Often times, individuals that are the victims of quid pro quo sexual harassment, work in positions that are significantly inferior to the harasser, need their job to provide for themselves and their families, and/or have made a mistake at work which could have repercussions (including termination). These situations often make the harasser (usually men) feel that they can make sexual demands on an individual (usually woman) because of the leverage they have. Do not let this happen to you. No one can force you to do any sexual act even if you made a mistake at work or did something wrong! If you feel that you have been the victim of quid pro quo sexual harassment, call the Akin Law Group without delay.
Discrimination at a person job can take many different forms and maybe for various reasons. In short, it is illegal for anyone to discriminate against an employee or workers because of the person’s characteristics like: race, religion, color, creed, age, disability, sex and sexual orientation. By way of an example (regarding discrimination based on sex) discrimination based on sex is evident when a woman is treated negatively regarding the terms or conditions of her employment compared to a man where the man might be paid a higher wage for doing the same work or the man might be promoted although the woman has more seniority. Sex / Race / National Origin discrimination includes treating an employee or an applicant differently based on the person’s sex, race or national origin. Calling a woman a “dumb blond” or saying “African Americans are lazy” or “Polish people are stupid” are just a few of the stereotypical responses that exist although they are absolutely false. Another type of gender / sex discrimination includes unwelcome sexual advances, requests for sexual favors and other verbal or physical harassment which occurs because of the employee’s sex. Sexual harassment may be from a man to a woman, from a woman to a man or individuals in the same sex (man to a man or woman to a woman).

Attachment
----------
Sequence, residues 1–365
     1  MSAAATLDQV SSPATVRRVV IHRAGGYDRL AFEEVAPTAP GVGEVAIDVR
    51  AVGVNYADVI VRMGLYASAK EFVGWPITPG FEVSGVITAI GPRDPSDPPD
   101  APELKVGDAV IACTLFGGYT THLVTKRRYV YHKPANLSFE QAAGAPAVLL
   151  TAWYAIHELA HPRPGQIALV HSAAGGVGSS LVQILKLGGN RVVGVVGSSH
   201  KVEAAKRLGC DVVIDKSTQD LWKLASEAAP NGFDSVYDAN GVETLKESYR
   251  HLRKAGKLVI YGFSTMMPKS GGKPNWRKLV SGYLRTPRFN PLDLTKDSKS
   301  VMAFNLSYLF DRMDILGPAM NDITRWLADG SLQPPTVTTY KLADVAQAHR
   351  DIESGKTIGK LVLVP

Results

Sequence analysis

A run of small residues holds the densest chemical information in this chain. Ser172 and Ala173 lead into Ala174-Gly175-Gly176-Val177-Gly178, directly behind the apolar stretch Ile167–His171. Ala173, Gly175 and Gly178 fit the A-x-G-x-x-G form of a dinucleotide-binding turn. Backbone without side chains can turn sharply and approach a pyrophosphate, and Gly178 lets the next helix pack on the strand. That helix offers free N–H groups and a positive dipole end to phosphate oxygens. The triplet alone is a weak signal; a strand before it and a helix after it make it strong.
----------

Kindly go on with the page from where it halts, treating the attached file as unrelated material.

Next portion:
The Employee Discrimination often involves one of the following unlawful acts where a manager, supervisor, an employer or business owner (because of your race, religion, color, creed, sex, sexual orientation, national origin, age or disability):
If you feel that you have been the victim of discrimination where because of your sex, race, national origin, religion, color, creed, actual or perceived sexual orientation, your age or a disability from which you may suffer, the Akin Law Group is here to help you protect your rights. No one has the right to deny you and your family the fruits of your hard work.
If you have been the subject of sexual harassment, a hostile work environment or have otherwise been discriminated against because of who you are, you may be entitled to: